Public transport fares in Vienna and Salzburg

Vienna’s public transport (Wiener Linien) is putting up some of its prices – although the price of an annual ticket, as well as annual travel cards for pensioners and young people will stay the same.

A ticket for a single journey will now cost €2.20, rather than €2.10, a weekly travel card will cost €16.50, up from €15.80, and a monthly travel card will cost €48.20, up from €47.00. A full list of changes can be found on the Wiener Linien website. Tickets that were purchased before 1st July 2014 will remain valid until the end of the year.

An annual travel card is the cheapest way to travel around Vienna for residents – at €365, it costs just one euro per day.

Salzburg is also facing increases, with single journey tickets purchased on the trolley bus going up from €2.40 to €2.50, and reduced fare tickets increasing from €1.60 to €1.70.  A 24-hour ticket also increases from €5.30 to €5.50, while monthly passes increase from €49.40 to €51.40.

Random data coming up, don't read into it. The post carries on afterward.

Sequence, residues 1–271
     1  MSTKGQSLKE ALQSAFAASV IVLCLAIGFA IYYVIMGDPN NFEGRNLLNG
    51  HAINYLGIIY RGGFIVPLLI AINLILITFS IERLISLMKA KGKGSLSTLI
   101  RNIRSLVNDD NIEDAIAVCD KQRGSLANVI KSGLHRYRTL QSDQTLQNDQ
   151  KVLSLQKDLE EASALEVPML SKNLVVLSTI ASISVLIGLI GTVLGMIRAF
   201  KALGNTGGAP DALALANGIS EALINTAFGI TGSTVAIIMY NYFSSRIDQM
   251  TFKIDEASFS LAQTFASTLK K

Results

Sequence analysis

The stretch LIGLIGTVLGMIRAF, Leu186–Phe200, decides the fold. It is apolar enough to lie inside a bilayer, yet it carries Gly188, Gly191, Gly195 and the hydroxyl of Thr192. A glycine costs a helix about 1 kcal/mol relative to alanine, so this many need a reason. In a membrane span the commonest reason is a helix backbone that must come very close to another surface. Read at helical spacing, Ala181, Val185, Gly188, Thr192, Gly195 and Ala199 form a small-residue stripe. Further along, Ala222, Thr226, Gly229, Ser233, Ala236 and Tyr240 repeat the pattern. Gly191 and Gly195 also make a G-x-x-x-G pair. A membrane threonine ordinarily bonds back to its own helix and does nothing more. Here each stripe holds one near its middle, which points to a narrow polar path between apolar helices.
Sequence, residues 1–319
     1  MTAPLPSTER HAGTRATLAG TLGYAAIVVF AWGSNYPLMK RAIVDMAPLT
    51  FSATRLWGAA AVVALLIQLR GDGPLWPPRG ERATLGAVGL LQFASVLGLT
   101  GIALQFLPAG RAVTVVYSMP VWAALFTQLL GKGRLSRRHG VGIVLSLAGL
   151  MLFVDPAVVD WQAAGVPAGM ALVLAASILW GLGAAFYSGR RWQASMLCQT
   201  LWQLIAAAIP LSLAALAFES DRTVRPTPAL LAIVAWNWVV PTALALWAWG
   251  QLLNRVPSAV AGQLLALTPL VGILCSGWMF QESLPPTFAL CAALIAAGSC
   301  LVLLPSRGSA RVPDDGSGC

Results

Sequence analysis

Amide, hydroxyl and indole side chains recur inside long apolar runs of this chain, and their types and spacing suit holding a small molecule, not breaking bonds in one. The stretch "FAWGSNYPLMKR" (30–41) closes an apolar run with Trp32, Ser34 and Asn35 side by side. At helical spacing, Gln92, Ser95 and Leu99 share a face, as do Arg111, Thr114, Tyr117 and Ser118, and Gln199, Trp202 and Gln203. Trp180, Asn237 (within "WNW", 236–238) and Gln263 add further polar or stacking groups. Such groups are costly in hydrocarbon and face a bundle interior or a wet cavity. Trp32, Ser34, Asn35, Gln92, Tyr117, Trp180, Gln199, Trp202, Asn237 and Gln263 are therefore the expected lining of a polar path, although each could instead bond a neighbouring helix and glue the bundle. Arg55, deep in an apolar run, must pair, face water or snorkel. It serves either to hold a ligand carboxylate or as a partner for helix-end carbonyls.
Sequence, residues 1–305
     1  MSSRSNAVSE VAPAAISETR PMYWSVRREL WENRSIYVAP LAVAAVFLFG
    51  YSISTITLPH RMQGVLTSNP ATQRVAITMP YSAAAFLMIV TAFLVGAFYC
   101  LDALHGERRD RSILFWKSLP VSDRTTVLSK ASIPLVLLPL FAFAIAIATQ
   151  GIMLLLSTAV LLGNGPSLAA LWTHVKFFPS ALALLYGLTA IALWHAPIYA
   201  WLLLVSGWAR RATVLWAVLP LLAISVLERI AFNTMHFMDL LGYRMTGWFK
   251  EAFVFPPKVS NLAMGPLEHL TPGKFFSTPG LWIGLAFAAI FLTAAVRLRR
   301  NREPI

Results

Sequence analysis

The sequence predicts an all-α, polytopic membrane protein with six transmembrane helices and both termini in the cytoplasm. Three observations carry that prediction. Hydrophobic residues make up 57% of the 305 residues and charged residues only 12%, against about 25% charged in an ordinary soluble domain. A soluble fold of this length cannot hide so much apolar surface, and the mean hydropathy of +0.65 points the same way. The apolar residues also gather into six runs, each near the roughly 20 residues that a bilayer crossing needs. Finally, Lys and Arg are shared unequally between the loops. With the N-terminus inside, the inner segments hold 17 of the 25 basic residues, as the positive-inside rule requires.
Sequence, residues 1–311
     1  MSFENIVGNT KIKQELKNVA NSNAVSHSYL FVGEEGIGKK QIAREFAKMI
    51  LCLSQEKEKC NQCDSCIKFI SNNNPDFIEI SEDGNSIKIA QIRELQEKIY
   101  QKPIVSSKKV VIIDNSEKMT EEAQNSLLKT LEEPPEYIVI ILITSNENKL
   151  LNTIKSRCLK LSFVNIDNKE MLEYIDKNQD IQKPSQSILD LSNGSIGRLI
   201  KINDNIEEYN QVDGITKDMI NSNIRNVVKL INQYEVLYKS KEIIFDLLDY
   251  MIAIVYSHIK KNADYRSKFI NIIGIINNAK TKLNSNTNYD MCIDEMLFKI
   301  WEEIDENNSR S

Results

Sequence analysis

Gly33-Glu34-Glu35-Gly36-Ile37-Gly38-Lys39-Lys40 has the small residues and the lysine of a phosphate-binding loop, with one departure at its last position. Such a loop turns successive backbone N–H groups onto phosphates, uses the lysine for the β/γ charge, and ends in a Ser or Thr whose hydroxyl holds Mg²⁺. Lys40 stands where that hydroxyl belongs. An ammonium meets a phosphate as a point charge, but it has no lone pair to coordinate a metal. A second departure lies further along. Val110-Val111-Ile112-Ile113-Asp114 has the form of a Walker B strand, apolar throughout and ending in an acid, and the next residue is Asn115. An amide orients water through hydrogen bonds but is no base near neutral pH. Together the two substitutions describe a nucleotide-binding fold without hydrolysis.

On the positive side, the cost of a year's card in Salzburg is being reduced from €494 to only €366, bringing it in line with Vienna.

Tax on prostitution

This is unlikely to apply to many of our readers – but those working for “the oldest profession in the world” may now have to pay more tax.

Prostitution is legal and regulated in Austria and prostitutes are considered to be self-employed, and since 1986 they have been required to pay taxes.

But from July 1st they have been told they will all need to do “individual tax assessments” – rather than the brothel they work for paying tax on their behalf. Christian Knapp, who works for the non profit organization, is worried that women will now be forced into “illegality” – working in unregulated brothels, or on the street, to avoid having to pay tax.